I didn’t find out about last Sunday’s solar eclipse until just a few days prior, and I didn’t have any equipment that I could use to safely view the eclipse. Not wanting to resort to the pinhole projection method for viewing the eclipse, I consulted my 40-year-old copy of Sam Brown’s classic (and extremely informative) book All About Telescopes for some other ideas. The book showed a design that would fit over the front of my 8″ Newtonian telescope, stopping the aperture down to 2″ and using a lens from a welding helmet to knock down the sun’s intensity to a manageable level. All I needed was the welding lens.

Not having enough time to order something and have it delivered in time, I needed to find the welding lens locally. I was pleased to discover that both Home Depot and Lowe’s carried a 4.5″ x 5.25″ lens that would work perfectly (Lincoln Electric model KH618). This is a shade #10 lens, which my book said would be okay for up to 2″ aperture. I bought two of them since they were fairly cheap, thinking that one could be used to view the sun directly (which worked quite well) in case the solar filter didn’t work out so well.

#10 shade welding lens

Now all I needed was to figure out how to construct the solar filter. I noticed that the lens itself was about as thick as a piece of corrugated cardboard, and I quickly devised a plan to sandwich the lens between two layers of cardboard. I used a science fair board like what you can buy at any hobby craft store. Here’s the outer layer (the part that will face the sun). The diameter of this layer is large enough to completely cover the end of my telescope, so that no light can reach the telescope’s main mirror. The four tabs were left in place to aid in attaching the filter to the telescope. You can also see the 2″-diameter aperture cutout, off axis in order to avoid being obstructed by the telescope’s diagonal mirror.

outer cardboard layer for the solar filter

The next layer holds the welding lens. You can see the cutout for the lens. This layer was sized so that it would fit snugly inside the telescope tube.

middle layer with cutout for welding lens

Here’s the first two layers with the welding lens in place.

first two layers with welding lens in place

The final layer is the same diameter as the previous layer and has another 2″ cutout. This layer holds the welding lens in the cardboard sandwich. It’s obviously important to make sure that the 2″ cutout in this layer is aligned with the 2″ cutout in the outer layer.

innermost layer of the solar filter cardboard sandwich

The layers were glued together using Elmer’s Wood Glue, taking care not to get glue on the welding lens (so it can be removed and reused at some point if needed). Here’s the whole sandwich.

the entire solar filter

Here’s the solar filter installed on the front of the telescope:

telescope with solar filter attached

The filter worked reasonably well. I elected to use a moon filter at the eyepiece to further cut down on the brightness, but I could have gotten by without it. With a 25-mm eyepiece, the sun filled most of the field of view. The edges of the image weren’t totally sharp, which I attributed to some diffusing of the light by the welding lens, but it was sharp enough to observe the eclipse without any trouble.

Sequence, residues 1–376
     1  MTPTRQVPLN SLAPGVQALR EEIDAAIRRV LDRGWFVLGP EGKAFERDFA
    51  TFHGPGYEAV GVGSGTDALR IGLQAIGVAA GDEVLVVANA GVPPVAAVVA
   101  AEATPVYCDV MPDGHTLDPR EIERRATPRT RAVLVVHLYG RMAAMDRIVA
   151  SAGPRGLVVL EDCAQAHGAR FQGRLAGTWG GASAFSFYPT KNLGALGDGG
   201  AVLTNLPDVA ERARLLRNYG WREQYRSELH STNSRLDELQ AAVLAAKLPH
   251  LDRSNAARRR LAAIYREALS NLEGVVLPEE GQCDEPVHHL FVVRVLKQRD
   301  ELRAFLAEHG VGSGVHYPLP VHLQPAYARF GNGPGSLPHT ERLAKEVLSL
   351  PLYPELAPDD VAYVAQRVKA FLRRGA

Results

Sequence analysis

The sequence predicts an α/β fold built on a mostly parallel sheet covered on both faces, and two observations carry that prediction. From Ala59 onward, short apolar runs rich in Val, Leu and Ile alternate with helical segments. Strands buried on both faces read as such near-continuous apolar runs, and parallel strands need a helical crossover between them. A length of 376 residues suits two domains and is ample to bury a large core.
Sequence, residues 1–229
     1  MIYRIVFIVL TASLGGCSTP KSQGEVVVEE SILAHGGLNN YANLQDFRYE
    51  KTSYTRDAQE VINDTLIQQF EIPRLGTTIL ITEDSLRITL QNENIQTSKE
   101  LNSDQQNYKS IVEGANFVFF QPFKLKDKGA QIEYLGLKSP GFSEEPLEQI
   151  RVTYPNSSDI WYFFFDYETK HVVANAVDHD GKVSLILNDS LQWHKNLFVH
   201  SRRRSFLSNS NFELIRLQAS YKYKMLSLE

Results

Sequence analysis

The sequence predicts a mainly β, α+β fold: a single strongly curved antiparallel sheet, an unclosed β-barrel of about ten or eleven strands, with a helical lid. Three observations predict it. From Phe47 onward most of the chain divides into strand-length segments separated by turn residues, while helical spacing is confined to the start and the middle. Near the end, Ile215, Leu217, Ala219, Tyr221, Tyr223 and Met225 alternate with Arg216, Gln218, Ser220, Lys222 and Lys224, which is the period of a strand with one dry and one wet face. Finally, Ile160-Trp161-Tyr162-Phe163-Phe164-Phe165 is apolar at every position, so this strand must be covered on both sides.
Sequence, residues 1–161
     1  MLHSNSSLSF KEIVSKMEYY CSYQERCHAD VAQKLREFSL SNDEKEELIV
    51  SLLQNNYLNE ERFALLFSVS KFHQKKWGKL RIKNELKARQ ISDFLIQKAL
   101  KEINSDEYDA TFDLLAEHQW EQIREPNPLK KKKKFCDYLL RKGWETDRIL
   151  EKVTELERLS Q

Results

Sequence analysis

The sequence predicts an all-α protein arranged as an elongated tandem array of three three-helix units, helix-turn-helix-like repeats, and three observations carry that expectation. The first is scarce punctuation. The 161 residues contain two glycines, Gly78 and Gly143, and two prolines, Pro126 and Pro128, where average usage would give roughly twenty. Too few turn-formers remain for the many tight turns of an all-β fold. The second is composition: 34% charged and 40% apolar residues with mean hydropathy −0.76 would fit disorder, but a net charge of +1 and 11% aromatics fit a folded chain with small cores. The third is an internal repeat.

Watching the eclipse was a hoot! Clouds to the west were threatening to hide the sun from us, but the sun emerged just in time to see the start of the eclipse, and we were able to watch for about 45 minutes before the clouds wiped us out for good. Several neighbors stopped by to take a look, and a lady from up the street brought her kids over for a look. The second welding lens that I had bought was passed around from person to person and used to observe the eclipse directly, and that was as popular as watching through the telescope. Luckily, I had managed to get my equatorial mount pointing close enough to north that my mount’s clock drive tracked the sun quite well–I never once had to touch the telescope tube to re-aim.

I’m planning to use my homebrew solar filter again to observe the transit of Venus on June 5th. With any luck, I’ll have some pictures to show, as well.

7 thoughts on “Easy Solar Filter for Observing Solar Events

  1. Good idea of putting this application to work. I always like the Lowe’s and Home Depot route. I was reading your plans for a DSC and wondering what the overall cost is for a project like that? Thanks for your idea on this particular project.

    • Bruce, the most expensive part of this project is the rotary encoders. Retail they’re about $60 apiece, but if you can find some surplus or used encoders you can cut the cost down. The board and parts are probably in the $35 neighborhood.


  2. I found this article when I found out the internet is entirely out of Mylar/Baader filters, and Baadar solar film. I am dieing to see the Venus transit through my Orion EQ 203mm scope. I followed your instructions to a tee, sans replacing cardboard with black foamboard. I also only found 2inx4.25in #10 welding screen, but the application is the same. It took me about an hour to construct and i am astonished how well it *seems* to work. I’ll be testing it out tomorrow, pending fair weather, and am very excited to see the results. Even if my filter fails, your instructional and inventory where excellent.

  3. Sending my husband to Home Depot right now. Good thing I came across this because I was sending him from Ohio into Michigan to buy Welders #14 Shade to make a solar filter.

  4. Spectacular! Many, many thanks for this lil’ project! Venus was loud and clear (from a Meade)! Thanks, again! – From Texas –


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